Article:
Magazine article Management Today

A Model for Managing Change?

Magazine article Management Today

A Model for Managing Change?

Article excerpt

Vic Luck is a powerful advocate for his profession in general and for the experience and expertise that Coopers & Lybrand's management consultancy offer to its clients.

It must be said that he speaks from a position of considerable strength. The practice he joined in 1977 and has headed since january this year, is made up of over 1,500 partners and staff in the UK where in 1993/94 it generated income in excess of 124 million [pounds]. Coopers & Lybrand is the largest broad based management consultancy in the UK. It is, of course, an integral part of the eponymous giant professional services organisation which, through its member firms, deploys over 67,000 people on a global basis in 126 countries.

Luck's advocacy is made the more compelling by his obvious enthusiasm about the practice he leads and the nature of the work it carries out for a distinguished and diverse portfolio of domestic and international clients. He speaks of the consultancy as "a hotbed of diverse expertise". He emphasises "the stimulus, excitement and vitality of working with colleagues and clients to make Coopers & Lybrand the number one provider of performance improvement services worldwide".

He does not disguise his impatience with those who perceive management consultancy as an exercise in hatchet wielding. "We are invariably brought in to help managements succeed. Their objectives are often about growth; about adapting to change in a positive way that improves long-term competitiveness. This is achieved by working with people. Hatchets invariably cause chaos and discontent rather than the order and motivation that our clients seek." says Luck. "We can only succeed if we work as partners with our clients."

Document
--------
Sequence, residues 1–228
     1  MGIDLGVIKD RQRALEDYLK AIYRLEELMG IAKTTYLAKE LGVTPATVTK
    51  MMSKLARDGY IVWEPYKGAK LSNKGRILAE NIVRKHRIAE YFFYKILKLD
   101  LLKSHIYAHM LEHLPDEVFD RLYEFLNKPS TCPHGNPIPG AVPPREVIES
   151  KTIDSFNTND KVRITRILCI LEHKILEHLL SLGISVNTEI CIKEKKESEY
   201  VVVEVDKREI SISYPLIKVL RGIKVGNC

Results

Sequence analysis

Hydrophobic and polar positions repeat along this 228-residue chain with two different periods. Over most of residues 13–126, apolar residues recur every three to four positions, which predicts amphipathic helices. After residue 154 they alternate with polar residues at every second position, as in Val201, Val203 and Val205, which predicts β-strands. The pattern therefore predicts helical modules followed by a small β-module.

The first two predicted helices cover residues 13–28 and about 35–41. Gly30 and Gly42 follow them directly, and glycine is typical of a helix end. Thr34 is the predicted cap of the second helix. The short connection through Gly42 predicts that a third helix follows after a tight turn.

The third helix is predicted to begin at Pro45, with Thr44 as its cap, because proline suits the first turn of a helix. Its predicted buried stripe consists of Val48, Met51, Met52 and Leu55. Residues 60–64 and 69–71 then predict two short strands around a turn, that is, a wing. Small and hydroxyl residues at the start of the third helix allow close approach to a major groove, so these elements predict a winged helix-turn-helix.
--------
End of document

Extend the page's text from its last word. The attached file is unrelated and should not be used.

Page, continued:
Luck prefers research to rhetoric in identifying his firm's unique role in a highly competitive market place. Surveys conducted during the summer show that in the UK, Coopers & Lybrand is ranked as the number one provider of strategic development services, business re-engineering, change management and financial management. Similarly, a recent report on the European consultancy market shows that Coopers & Lybrand has now moved ahead to take second place in terms of total consultancy revenue, behind Andersen Consulting -- a firm significantly dependent on the supply of IT software within its consultancy services for the maintenance of its market share.

Controversy will continue to rage as to whether those who advise on IT as independent consultants should also be suppliers of hardware and software. The recent Business Intelligence survey of the IT/systems consultancy market highlighted these concerns. The same survey identified the way in which Coopers & Lybrand is valued for the independence of its IT advice and its business-orientated approach.

Luck is not a man to be unduly comforted by the salve of encouraging independent research -- glad as he is to have access to it in developing business strategies for clients and for the consultancy itself. After the meteoric growth of the 1980s, the recession had largely halted growth in consultancy services and Luck's task is to develop the practice now that there are some indications that many national economies are on the move again.

The practice will, in Luck's words, "be recognised by the leaders of the world's top companies and public service organisations as business advisers who make a real difference, working in partnership to manage complex changes that radically improve client performance".

The populist management guru, Tom Peters has suggested that, in many ways, professional partnerships offer the ideal organisational models for commerce and industry. …

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